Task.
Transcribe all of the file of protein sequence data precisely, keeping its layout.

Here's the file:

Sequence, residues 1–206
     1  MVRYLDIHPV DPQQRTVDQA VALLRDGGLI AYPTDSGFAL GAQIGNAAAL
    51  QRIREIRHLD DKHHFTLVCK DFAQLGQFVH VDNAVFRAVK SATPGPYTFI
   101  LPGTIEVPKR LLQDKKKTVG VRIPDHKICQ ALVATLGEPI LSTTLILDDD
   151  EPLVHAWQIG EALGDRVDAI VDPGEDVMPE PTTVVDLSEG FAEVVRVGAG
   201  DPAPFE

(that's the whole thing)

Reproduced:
Sequence, residues 1–206
     1  MVRYLDIHPV DPQQRTVDQA VALLRDGGLI AYPTDSGFAL GAQIGNAAAL
    51  QRIREIRHLD DKHHFTLVCK DFAQLGQFVH VDNAVFRAVK SATPGPYTFI
   101  LPGTIEVPKR LLQDKKKTVG VRIPDHKICQ ALVATLGEPI LSTTLILDDD
   151  EPLVHAWQIG EALGDRVDAI VDPGEDVMPE PTTVVDLSEG FAEVVRVGAG
   201  DPAPFE